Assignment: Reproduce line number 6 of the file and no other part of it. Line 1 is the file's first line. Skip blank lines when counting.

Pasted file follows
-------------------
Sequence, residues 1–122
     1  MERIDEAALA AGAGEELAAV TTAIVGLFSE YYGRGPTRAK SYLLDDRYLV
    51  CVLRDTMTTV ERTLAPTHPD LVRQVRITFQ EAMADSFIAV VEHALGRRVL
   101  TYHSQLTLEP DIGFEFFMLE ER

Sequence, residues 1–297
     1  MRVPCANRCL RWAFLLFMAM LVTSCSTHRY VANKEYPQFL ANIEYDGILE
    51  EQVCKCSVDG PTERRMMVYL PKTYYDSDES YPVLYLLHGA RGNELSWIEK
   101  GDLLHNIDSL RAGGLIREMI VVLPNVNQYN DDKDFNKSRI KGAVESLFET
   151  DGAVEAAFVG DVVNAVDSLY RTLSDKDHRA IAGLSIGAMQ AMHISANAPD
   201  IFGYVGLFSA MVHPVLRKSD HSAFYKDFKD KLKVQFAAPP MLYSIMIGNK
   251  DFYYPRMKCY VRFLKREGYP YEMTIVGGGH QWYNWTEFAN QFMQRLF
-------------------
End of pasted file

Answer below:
     1  MRVPCANRCL RWAFLLFMAM LVTSCSTHRY VANKEYPQFL ANIEYDGILE